From the very moment the coronavirus pandemic reached America’s shores, the country was unprepared. Health care facilities didn’t have the masks and equipment needed to protect their workers. The Associated Press and “FRONTLINE” launched a seven-month investigation to understand what was behind these critical shortages.
Medical supply chains are the fragile lifelines between raw materials and manufacturers overseas, and health care workers on COVID-19 front lines in the U.S. Their catastrophic collapse was one of the country’s most consequential failures to control the virus.
EDITOR’S NOTE — This story is part of an ongoing investigation by The Associated Press, the PBS series “FRONTLINE,” and the Global Reporting Centre that examines the deadly consequences of the fragmented worldwide medical supply chain and includes the film “ America’s Medical Supply Crisis, ” premiering on PBS and online Oct. 6 at 10 p.m. EST/9 p.m. CST.
Full Coverage: Deadly Shortages
Key takeaways from the AP and “FRONTLINE”/PBS investigation:
—The Trump administration knew in January that the COVID-19 virus spread person-to-person, and that demand for masks, gowns and gloves would help protect health care workers. Yet officials did not immediately stop exports or ramp up production in ways that could have eased impending critical medical supply shortages. But that didn't happen. Instead, U.S. companies continued to export critical materials to Asia, Europe and even Canada, whose governments signed contracts with American manufacturers.
—For more than a decade the U.S. government had clear, in-person and written warnings that there would not be enough medical supplies if a global pandemic hit, and there would be deadly consequences. One reason was that the country remained dependent on factories in other countries, which immediately shifted supplies to their own citizens when COVID-19 hit. Rather than make the effort and financial commitment to diversify the supply chain and bring some production home, U.S. officials largely ignored the warnings and even allowed emergency stockpiles to become depleted.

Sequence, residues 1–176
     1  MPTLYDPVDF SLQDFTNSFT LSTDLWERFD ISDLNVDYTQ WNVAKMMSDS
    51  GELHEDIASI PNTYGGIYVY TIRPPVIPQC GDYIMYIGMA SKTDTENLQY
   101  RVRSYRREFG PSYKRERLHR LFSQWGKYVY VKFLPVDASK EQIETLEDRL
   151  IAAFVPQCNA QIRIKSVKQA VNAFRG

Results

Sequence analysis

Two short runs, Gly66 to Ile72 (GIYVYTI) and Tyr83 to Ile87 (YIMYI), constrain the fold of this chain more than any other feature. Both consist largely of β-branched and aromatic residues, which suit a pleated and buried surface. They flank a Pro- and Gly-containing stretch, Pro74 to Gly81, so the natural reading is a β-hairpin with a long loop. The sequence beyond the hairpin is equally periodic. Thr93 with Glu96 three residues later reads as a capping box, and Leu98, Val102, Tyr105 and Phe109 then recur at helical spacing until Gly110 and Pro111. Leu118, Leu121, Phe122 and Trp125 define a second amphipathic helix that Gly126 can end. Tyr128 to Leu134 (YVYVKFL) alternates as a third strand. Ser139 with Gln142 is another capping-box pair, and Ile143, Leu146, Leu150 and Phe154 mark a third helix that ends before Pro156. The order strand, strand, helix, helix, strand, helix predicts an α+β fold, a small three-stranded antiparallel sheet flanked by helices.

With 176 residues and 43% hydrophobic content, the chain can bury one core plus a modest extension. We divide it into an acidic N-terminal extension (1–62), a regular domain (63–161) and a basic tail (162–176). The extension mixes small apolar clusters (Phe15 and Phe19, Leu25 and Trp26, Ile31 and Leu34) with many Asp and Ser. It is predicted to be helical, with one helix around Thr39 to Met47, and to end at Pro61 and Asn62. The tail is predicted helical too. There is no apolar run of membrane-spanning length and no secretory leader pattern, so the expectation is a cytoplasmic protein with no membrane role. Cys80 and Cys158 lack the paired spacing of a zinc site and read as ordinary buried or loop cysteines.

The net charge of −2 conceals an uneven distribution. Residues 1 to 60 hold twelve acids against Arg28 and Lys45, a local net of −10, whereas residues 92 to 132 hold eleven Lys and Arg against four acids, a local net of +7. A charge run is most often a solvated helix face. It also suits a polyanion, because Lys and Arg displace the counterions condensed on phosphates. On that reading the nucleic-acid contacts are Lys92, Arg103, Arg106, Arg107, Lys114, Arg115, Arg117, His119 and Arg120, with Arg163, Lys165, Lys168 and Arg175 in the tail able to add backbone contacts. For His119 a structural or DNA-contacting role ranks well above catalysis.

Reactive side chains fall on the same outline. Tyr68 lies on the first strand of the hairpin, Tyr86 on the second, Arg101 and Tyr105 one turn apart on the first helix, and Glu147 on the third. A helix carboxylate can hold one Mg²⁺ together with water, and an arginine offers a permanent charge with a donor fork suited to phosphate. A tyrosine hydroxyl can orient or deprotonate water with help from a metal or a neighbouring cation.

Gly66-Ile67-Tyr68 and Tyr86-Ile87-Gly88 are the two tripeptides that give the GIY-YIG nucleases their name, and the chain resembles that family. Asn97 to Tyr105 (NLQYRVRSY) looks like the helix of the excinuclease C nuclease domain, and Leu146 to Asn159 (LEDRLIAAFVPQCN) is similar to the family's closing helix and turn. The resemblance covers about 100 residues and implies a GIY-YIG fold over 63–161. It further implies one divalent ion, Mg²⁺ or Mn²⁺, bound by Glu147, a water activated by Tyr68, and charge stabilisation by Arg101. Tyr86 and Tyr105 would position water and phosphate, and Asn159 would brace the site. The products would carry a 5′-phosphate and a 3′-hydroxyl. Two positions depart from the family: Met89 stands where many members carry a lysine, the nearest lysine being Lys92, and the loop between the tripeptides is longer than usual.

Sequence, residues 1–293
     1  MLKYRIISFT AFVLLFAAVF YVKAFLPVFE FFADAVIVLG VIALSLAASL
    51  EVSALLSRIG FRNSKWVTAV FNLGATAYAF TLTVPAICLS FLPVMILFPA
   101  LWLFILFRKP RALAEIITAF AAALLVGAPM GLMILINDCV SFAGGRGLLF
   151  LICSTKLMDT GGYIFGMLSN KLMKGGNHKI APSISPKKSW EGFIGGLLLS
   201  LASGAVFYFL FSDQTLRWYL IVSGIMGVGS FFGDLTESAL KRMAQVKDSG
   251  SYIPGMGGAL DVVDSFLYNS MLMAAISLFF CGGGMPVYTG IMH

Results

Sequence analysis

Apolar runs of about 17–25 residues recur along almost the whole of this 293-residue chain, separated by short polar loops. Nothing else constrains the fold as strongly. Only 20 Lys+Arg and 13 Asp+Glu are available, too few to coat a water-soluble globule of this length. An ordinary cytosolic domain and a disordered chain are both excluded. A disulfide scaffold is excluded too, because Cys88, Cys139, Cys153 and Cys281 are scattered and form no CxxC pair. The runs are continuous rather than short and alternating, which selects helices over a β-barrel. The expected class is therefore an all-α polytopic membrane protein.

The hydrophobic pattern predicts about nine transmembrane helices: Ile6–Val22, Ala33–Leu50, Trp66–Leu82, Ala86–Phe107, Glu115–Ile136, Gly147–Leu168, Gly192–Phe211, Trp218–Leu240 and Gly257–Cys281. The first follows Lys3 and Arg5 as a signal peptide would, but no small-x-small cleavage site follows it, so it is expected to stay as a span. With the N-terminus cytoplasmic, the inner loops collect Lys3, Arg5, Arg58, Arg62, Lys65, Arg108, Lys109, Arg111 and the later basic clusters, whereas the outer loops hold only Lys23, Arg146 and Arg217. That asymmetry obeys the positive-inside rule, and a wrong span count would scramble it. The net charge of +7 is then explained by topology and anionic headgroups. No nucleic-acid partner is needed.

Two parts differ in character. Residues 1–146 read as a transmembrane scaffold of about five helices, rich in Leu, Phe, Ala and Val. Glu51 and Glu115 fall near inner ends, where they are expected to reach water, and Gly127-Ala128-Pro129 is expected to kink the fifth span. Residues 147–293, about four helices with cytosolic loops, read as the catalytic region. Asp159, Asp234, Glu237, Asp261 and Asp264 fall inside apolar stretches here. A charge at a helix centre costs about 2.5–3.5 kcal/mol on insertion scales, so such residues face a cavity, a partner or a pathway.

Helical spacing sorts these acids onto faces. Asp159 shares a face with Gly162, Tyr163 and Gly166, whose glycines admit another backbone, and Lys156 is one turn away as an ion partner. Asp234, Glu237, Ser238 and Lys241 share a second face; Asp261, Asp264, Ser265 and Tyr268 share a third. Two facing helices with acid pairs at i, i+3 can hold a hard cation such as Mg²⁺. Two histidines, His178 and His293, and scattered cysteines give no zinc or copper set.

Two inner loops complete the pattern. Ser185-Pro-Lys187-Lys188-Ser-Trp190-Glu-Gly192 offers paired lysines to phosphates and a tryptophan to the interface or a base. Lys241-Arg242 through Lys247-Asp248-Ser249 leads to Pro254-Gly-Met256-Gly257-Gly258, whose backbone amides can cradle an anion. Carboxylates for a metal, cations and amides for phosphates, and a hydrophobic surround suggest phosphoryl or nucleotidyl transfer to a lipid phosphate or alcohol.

—Months into the pandemic, there remains a major disconnect between the White House, which insists there is now plenty of personal protective equipment, or PPE, for anyone who needs it, and the doctors, nurses and first-line responders who say they still don't have enough masks, gloves, gowns and other medical supplies. That's partly because the U.S. Centers for Disease Control and Prevention, in response to early shortages, revised its guidance to allow health care workers to reuse protective equipment against the advice of manufacturers.
—Counterfeit medical supplies that are less protective have poured into the U.S. The AP and “FRONTLINE” sent a box full of imported medical masks to the University of North Carolina to be tested. They all were counterfeit, and some were about as effective for protecting wearers as a piece of fabric. Two different federal agencies — the Department of Homeland Security and the Justice Department — have two different initiatives to halt widespread fraud, but fake COVID-19 tests, fake N95s, even fake cures are readily available online today.
— As of today, it's unclear if there are enough needles and syringes stockpiled to inject everyone in the U.S. if a COVID-19 vaccine became immediately available. The Trump administration says needles and syringes are on order, but details of the contracts are shrouded in secrecy. Several contractors said the government has forbidden them from disclosing any information, even if they want to.